Exciting New #Lithium Assays at Cypress Development Corp

{Please see disclosures at bottom of page}

On January 9th, Cypress Development Corp. (TSX-V: CYP) / (OTCQB: CYDVF) / (Frankfurt: C1Z1) [market cap = C$ 15.5 Mreleased 2 additional core holes from its Fall 2017 Clayton Valley, Nevada, drill program.  Results include the best intersection to date, {hole # DCH-13}; 107 meters (350 feet) of 1,134 ppm lithium (“Li“) at the Dean property.  Note:  {I consider the Dean (2,700 acre) and Glory (1,520 acre) claims to be parts of the same overall project}.  Cypress continues to expand the claystone-hosted Li mineralized zone.

In DCH-13, Li values increased at depth, starting at 24.8 meters, the grade averaged 1,206 ppm Li over 88.4 m.   NOTE:  {the hole terminated in mineralization and remains open at depth}

The 2 holes support the observed continuity of mineralization over a long northeast trend, extending roughly 4 km in length by 2 km in width across the Dean property alone.  4 drill holes have also been completed on the neighboring Glory property claims, assays are expected by the end of January.  The Glory footprint measures about 3 km by 1 km. 

According to the press release, quote, 

“Extraction studies are under way to determine the solubility of the Li and other mineral constituents within the claystone.  Bench-scale scoping tests revealed moderate extractions of Li in sulphuric acid solution, increasing to 74% recovery with increasing temperatures.  The extractions were achieved with relatively low additions of sulphuric acid for lithium-bearing claystone deposits, measured at a rate of 140 to 170 kgs of acid/tonne.

Results are encouraging and clearly indicate that extractions and acid consumptions of Cypress’s claystone deposits are significantly better than seen in refractory claystone deposits.  Further test work is under way to improve results by refining leach conditions, checking for mineralogical variability across properties, and determining methods of Li recovery from the leach solutions.”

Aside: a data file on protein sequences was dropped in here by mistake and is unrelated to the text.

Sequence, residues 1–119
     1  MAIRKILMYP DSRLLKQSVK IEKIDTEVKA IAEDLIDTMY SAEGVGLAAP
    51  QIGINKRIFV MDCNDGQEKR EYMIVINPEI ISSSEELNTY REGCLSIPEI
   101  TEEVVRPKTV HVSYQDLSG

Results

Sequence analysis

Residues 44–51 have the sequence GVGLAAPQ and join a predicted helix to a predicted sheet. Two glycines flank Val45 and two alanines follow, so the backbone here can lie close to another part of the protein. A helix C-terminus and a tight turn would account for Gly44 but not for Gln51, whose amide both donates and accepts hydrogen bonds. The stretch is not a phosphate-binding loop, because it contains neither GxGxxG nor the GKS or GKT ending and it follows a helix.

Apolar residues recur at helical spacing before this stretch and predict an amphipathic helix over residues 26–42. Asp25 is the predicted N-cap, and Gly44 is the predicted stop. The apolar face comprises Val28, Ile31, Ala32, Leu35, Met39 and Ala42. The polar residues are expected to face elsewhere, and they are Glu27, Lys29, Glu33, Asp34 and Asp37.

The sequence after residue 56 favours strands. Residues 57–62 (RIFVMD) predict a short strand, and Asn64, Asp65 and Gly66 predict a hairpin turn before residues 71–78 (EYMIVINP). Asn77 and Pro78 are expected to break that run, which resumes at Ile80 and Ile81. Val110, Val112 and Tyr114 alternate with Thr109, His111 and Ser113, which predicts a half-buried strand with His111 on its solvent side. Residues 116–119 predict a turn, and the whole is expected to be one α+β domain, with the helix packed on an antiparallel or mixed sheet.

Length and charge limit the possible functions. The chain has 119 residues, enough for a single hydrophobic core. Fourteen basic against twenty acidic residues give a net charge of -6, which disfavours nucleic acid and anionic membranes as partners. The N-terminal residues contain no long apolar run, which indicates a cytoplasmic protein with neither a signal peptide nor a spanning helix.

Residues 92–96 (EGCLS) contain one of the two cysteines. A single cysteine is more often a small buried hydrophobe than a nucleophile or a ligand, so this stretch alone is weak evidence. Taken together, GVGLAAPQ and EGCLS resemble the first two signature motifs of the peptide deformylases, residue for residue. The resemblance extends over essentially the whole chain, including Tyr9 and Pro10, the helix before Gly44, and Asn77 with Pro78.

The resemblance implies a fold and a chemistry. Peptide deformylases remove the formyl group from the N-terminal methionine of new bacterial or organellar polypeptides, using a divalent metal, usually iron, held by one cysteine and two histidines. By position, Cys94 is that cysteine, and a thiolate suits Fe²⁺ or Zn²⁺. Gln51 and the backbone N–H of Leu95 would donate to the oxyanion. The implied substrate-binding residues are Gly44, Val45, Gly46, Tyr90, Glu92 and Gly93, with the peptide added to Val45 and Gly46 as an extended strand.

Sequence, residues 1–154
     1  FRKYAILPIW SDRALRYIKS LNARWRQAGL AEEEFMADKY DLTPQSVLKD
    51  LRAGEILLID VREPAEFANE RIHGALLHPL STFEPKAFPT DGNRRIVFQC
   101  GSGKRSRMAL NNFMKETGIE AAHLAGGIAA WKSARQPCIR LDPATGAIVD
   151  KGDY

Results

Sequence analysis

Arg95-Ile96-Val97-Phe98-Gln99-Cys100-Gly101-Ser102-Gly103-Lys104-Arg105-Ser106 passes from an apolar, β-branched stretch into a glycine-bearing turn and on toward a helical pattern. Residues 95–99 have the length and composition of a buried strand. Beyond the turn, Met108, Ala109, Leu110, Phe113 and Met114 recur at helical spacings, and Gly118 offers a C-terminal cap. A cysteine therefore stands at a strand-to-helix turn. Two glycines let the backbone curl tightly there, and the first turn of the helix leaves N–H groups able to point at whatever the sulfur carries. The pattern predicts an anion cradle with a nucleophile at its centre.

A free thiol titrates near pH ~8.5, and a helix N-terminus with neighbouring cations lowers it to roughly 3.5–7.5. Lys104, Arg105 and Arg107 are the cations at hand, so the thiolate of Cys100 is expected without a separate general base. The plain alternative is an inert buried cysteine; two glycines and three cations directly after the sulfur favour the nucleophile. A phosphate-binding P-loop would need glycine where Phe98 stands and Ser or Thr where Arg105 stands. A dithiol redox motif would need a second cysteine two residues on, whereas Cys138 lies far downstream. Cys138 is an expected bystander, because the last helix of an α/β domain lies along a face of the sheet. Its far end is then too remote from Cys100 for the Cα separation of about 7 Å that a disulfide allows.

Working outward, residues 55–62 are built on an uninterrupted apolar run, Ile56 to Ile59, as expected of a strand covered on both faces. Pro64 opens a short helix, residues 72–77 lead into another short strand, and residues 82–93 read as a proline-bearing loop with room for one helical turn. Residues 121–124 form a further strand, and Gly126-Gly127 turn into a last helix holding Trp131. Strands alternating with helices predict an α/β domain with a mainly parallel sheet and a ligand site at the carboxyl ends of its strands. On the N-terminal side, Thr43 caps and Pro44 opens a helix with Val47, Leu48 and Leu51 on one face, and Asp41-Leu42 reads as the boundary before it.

Cypress has completed 5 new core holes on its 100% owned Dean property.  Readers may recall that on December 5th, management announced results from the first 3 holes.  Drill results included an intersection of ~337 ft. (102.7 meters “m”) of 1,029 ppm Li in hole # DCH-10.  

In hole DCH-10, dark greenishblackish mudstones were found at a depth of ~ 175 ft. (53.4 m) that averaged 1,367 ppm Li over ~33 ft. (10 m), including ~3 ft. of 2,240 ppm Li.  This is the first time Cypress has encountered these higher-grade dark mudstones.

DCH-11 included an interval of consistently higher grades starting at a depth of just 27 ft. (8.2 m).  Samples averaged 1,308 ppm Li over 121 ft. (36.9 m), suggesting that a higher-grade zone may exist within the overall northeast trend.  According to management, holes to date, “clearly show a large, tabular, lithium-bearing formation underlying the Dean property.

All 9 previous holes at Dean encountered significant Li values within claystone, which ranged up to 1,790 ppm Li and averaged about 950 ppm Li.  Mineralization outcrops at surface, and the average thickness was ~220 ft. (67.0 m).  Li-bearing claystone is considered open in all directions.  

With the addition of the 5 new assays, the combined 14 holes at Dean have an average mineralized thickness of 238 ft. (72.5 m), and an average grade of ~937 ppm Li.  The Dean property hosts Li values in an area about 4,000 m (13,120 ft.) long by about 2,000 m (6,560 ft.) wide.  That’s about 800 sq. hectares (1,975 sq. acres).